Eugene O' Neill's Unfinished Threnody and Process of Invention in His Four Cycle Plays

Author: Bower, Martha
Year:1993
Pages:196
ISBN:0-7734-9199-6
978-0-7734-9199-1
Price:159.95
This is a detailed and intimate analysis of O'Neill's complicated writing process as he created four of the plays in the eleven-play cycle: A Touch of the Poet, More Stately Mansions, The Calms of Capricorn, and Hair of the Dog. The first two are the only plays finished by O'Neill. The others have enough substantive material to give the reader a sense of what the plays would have been. Having transcribed reams of O'Neill's unpublished handwritten notes, outlines, and scenarios, Bower focuses on the `pre-writing' leading up to each play's final draft. Breaks new ground in unfolding a subtext that reveals new autobiographical analogues and connections to the late plays, and reveals O'Neill's development of a female character unique to American literature.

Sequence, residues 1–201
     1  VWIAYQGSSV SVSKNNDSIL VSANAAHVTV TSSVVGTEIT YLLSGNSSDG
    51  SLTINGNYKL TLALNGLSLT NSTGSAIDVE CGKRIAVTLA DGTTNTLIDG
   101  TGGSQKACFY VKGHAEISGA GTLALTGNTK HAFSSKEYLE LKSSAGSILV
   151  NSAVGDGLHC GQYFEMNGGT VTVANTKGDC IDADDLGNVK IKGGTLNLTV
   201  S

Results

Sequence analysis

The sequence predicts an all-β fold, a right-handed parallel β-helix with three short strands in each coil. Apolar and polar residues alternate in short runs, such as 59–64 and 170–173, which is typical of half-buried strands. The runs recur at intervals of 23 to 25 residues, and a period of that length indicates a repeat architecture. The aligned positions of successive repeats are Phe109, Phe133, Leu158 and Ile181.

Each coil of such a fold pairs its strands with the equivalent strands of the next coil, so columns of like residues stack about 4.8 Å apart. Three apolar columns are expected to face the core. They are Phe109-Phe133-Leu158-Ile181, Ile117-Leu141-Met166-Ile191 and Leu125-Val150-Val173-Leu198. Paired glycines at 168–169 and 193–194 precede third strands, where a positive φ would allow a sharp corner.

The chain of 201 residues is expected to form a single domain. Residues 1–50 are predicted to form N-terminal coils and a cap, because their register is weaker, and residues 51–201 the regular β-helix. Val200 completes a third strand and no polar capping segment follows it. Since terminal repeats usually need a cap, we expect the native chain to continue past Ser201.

Reviews

". . . it is difficult to imagine anyone conveying the considerable amount of material in those pre-writings so clearly and succinctly as Bower has done, quoting judiciously when quotation seems called for, summarizing deftly to keep her book down to readable length. . . . Bower's discussion of the many contradictory elements of the playwright's great cycle in their highly complex development makes her work critically important to our understanding of both the playwright's life and special creative genius." - Michael Manheim, President, The Eugene O'Neill Society

". . . thanks to her painstaking deciphering of O'Neill's miniscule handwriting, her generous inclusion of much of the unpublished passages, and her masterly summaries of sections not quoted, we now know more about O'Neill's creative process than ever before. . . . There are important discoveries and sage inferences . . . on virtually every page. . . . The book is meticulously presented. Bower has lived so long with the Cycle materials that she is unmatched in guiding newcomers through their intricacies." - Frederick C. Wilkins, editor, The Eugene O'Neill Review